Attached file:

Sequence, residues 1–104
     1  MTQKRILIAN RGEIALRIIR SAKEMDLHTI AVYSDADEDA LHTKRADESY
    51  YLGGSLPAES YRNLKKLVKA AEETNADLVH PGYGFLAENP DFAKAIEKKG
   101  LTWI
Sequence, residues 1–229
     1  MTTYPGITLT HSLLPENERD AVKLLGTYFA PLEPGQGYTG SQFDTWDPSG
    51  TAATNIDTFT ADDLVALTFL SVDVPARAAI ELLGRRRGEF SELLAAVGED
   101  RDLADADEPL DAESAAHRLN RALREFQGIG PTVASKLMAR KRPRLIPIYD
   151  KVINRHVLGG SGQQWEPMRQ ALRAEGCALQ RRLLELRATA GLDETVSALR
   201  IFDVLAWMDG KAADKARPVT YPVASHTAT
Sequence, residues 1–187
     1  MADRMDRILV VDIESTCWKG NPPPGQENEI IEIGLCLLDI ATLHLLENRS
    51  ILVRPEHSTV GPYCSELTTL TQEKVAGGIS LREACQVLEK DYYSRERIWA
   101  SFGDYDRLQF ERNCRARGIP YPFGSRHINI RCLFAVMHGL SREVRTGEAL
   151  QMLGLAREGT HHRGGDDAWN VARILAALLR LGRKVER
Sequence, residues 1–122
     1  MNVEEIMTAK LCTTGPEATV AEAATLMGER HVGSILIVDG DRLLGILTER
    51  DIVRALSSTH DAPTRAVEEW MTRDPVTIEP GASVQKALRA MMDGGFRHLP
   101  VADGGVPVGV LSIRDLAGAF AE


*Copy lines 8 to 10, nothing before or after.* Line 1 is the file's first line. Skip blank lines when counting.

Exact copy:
   101  RDLADADEPL DAESAAHRLN RALREFQGIG PTVASKLMAR KRPRLIPIYD
   151  KVINRHVLGG SGQQWEPMRQ ALRAEGCALQ RRLLELRATA GLDETVSALR
   201  IFDVLAWMDG KAADKARPVT YPVASHTAT